When someone says the word, “driver”, what pops into your mind? If you are like most people, you probably think of those who drive cabs for a living or frustrated commuters traversing jam-packed highways. These are all understandable lines of thought. However, the definition of driver is changing. It is now possible for a completely empty vehicle to drive itself right on down the road without a human being in sight. Computers are now drivers.

The Wikipedia Definition of Driver

According to Wikipedia, a “driver” is an occupation as well as an activity. The popular website defines it as, “a person engaged in driving”. Pay close attention to the wording of this definition and you will notice it centers on human activity. Wikipedia states that only a “person” can be a driver. There is no mention of automated drivers. This will soon change. Autonomous vehicles controlled by complex computers are currently traversing the streets of America. The truth is that computers now qualify as “drivers” just as much as flesh-and-blood human beings.

The Oxford Living Dictionaries Definition of Driver

The Oxford Living Dictionaries’ website defines “driver” as a “person who drives a vehicle”. Once again, the emphasis is on the human element of driving. The operative word in this definition is “person”. This definition will prove short-sighted in the years to come. Though self-driving vehicles are not rolling down every street in the United States, their popularity is rapidly growing. It won’t be long until human drivers share the roads with computer drivers on a daily basis. Though most people would be shocked to see an empty vehicle rolling down the street in 2016, it will be commonplace in the near future. Perhaps Wikipedia and The Oxford Living Dictionaries will revise their definition of “driver” once autonomous vehicles reach a mainstream tipping point.

The New Definition of Driver

Look up the word, “driver”, in the coming years and you will likely find a markedly different definition than you did in 2016 and years prior. The word will soon be defined as, “a person, machine (computer) or any combination thereof that operates a vehicle”. It is reasonable to assume that autonomous vehicles controlled by computers will outnumber human vehicle operators in a few decades. As long as autonomous vehicles prove to be better drivers than inherently flawed human beings, the potential exists for machines to completely take over all driving responsibilities. After all, a computer can be programmed to avoid mistakes and obey laws. The same cannot be said of human beings.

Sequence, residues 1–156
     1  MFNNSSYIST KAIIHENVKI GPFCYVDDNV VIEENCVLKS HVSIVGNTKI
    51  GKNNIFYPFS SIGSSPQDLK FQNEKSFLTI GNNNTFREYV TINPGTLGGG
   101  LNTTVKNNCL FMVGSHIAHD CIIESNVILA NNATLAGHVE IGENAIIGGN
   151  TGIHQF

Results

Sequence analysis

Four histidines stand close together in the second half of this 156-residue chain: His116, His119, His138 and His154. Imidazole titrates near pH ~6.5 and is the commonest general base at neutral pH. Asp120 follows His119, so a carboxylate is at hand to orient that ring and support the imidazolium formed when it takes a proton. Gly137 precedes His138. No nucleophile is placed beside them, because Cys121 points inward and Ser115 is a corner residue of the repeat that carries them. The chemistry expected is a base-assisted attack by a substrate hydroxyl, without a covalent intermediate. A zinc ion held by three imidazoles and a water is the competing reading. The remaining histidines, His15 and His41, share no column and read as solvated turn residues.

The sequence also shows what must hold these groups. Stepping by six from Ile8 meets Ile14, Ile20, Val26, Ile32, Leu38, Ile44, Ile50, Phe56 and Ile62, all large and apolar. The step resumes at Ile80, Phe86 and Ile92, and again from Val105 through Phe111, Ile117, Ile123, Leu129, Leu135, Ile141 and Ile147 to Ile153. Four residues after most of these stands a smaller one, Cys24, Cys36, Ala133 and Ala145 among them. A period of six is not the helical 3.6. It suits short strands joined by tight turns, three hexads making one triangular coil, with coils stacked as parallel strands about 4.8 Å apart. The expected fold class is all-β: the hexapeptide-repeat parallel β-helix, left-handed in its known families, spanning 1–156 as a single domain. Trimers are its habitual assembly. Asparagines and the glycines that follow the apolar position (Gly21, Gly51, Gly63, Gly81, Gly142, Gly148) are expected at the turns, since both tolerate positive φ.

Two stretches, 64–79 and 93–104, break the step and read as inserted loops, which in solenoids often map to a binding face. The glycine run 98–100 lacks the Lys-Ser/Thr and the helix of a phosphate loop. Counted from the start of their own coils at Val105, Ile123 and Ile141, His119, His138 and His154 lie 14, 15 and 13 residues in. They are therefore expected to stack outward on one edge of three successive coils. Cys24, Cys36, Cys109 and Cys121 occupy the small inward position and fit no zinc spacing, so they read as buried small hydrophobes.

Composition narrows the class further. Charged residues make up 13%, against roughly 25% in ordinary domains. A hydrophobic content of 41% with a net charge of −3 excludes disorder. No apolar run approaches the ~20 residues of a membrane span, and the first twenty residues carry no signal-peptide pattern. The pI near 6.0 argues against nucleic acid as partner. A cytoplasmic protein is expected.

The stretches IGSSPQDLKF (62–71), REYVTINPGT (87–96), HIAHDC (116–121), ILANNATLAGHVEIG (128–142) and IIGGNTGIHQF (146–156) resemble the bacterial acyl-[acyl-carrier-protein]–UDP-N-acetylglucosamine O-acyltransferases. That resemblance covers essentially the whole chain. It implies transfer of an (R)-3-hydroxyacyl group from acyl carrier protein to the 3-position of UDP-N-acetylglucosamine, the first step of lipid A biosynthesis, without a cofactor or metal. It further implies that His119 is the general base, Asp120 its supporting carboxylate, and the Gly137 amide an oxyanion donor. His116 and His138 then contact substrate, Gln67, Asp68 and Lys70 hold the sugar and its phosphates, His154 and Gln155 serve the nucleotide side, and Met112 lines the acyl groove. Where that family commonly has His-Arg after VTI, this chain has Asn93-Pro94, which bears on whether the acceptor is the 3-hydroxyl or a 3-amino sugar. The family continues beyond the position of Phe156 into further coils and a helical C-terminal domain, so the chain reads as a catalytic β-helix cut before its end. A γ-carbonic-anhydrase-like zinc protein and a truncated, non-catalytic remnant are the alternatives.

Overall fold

Drivers of the Future

If you had access to time travel technology and could instantaneously leap to the year 2027 or 2037, you would likely find that vehicles look and function quite differently than they do today. Though it might take half a decade or longer to fill the skies with flying vehicles like those in The Jetsons, it is quite possible that the dangerous task of driving will eventually be completely automated. Perhaps magnets, sensors, cameras or a combination of these technologies will be central to road travel in the coming decades. It is even possible that driver-less vehicles will be controlled from a central traffic control hub.

It is within the realm of possibility that the definition of “driver” won’t include the word “person” in a few decades. Society might reach the point where it is determined that human beings cannot be trusted to operate vehicles as automated vehicles will likely maneuver through traffic without flaw. Such a development might actually be embraced by the majority of human drivers. After all, most people would prefer to look into their smartphone or watch in-vehicle entertainment rather than negotiate the road’s never-ending challenges.